and by agents generally throughout the United
Price $l,OO per bottle, or $5,00 per half doe,
TIOR Groceries and Confectionaries.—Jony
CUNNINGHAM has just received a choice
stock of Groceries, confectionaries, &c. He re
spectfully invites his customers and the public
to come and examine his assortment. rap 23.
DRIED Beef and cheese for sale at the cheap
Grocery and confectionary establishment
of John M. Cunningham.
- - --
ri - OPFET yrea, Sugar alia — Spices.—A freak
V supply just opened and for sale at Cunning
hum's Grocery and confectionary store. •
PURE California Gold rings fo
wedding r sale
by NEFF & MILLER.
WHY 80 OFTEN UNHAPPY.
THE CAUSES AND THE REMEDY!
MANY and many a wife endure. years of bodily
suffering and of mental anguish, prostrate and help
less, embittering her life, that of her husband, and
hazarding the future welfare of her children, arising
from causes which, if known, would have spared the
saffering, the anguish to the wife, and to the but.
band embarrassments and pecuniary difficulties hav
ing their origin in the mind being weighed down and
harassed in consequence of the sickness of the com
panion of his bosom.
Bow important that the cancel should be known
to every wife, to every husband, that the dreadful
and harrowing consequences to the health and hap-
piness of both may be avoided 1 Life is too short and
health too precieteito admit any portion of the one to'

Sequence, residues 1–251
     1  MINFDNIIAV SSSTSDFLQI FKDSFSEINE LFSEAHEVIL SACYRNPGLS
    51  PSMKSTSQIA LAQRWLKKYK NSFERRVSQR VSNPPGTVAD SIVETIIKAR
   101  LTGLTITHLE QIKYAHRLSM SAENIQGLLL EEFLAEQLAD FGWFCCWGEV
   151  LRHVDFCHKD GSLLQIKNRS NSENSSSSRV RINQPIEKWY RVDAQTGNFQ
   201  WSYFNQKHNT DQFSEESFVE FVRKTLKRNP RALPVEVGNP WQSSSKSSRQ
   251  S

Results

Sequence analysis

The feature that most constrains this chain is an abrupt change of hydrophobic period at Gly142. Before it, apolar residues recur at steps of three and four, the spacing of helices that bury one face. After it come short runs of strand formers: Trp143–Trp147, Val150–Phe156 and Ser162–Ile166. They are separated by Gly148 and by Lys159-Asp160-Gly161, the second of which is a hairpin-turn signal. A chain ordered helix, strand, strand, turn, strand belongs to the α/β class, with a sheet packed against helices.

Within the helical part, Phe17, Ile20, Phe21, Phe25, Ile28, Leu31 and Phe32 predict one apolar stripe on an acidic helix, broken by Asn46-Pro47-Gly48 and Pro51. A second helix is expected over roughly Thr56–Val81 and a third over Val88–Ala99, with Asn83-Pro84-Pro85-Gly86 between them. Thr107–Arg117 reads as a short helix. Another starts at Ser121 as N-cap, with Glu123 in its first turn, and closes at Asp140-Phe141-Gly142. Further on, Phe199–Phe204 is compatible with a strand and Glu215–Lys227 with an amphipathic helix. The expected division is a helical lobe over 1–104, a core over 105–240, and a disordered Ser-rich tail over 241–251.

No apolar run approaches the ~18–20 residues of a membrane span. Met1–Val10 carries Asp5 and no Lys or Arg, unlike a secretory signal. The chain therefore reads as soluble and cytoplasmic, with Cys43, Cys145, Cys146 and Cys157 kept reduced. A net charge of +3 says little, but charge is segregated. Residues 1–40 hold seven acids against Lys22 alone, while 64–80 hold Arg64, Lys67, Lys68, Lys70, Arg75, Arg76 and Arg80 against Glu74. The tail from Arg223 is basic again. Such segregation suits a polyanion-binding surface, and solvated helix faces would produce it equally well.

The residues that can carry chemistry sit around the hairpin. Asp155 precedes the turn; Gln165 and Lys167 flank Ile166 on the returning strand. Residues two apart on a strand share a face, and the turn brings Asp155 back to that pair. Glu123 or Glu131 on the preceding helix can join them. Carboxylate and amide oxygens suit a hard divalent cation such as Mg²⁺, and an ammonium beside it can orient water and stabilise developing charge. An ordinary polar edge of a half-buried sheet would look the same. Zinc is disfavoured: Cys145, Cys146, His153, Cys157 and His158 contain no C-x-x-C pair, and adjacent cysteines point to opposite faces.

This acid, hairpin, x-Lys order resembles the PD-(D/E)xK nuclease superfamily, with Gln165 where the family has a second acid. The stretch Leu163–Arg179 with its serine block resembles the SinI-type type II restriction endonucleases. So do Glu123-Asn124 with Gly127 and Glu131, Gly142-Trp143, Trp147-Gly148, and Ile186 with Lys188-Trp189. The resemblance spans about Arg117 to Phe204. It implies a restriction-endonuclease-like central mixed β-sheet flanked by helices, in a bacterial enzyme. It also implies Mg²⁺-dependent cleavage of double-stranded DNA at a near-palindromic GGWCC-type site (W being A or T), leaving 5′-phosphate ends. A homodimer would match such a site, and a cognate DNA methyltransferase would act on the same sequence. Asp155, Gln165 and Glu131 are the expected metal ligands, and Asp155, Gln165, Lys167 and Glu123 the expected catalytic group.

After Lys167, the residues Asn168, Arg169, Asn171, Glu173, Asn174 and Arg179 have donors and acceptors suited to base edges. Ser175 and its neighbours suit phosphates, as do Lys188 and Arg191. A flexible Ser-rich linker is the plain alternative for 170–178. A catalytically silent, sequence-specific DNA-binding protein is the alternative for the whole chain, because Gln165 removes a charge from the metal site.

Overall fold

be spent without the full enjoyment of the other.
The timely possession of a little work entitled as
follows has been the moaned saving the health and•
the life of thousands, as over
TWO HUNDRED THOUSAND'
copies have been sold since the first edition wee
The anther has been induced to advertite it' by.'
the urgent and pressing request of those who have'
been indebted to its publication for all they hold dear'
(that all may have an opportunity of obtaining it), and'
who have favored him with thousands of letters of
encomium, some of which are annexed to the adver
THE MARRIED WOMAN'S.
Private Medical Companion.
BY DR. A. M. MAURICEAD,
FILOFESSOR OF DISEASE. or WOMEN.
Twentieth Edition. lemo., pp. 250. Price, $l.OO.
THIS WORK IS INTENDED ESPECIAL.
LY FOR THE MARRIED, or Clime contempla.
dog marriage, as it discloses important secrets which
should be known to them particularly.
Here, every female—the wife, the mother—the
ne either budding into womanhood, or the one in
lie decline of years, in whom nature contemplates
an important change—can discover the causes, symp.
come, and the moot efficient remedies and most cer
tain mode of cure, in every complaint to which her
sea is subject.
The revelations contained in its pages have proved
a blessing to thousands, as the innumerable letters
received by the author (which he is permitted by the
writers to publish) will attest.
SICKLY AND UNHAPPY WIVES.
Extract of a Letter from a Gentleman in Dayton, O.
" DAYTON. May I, 1847.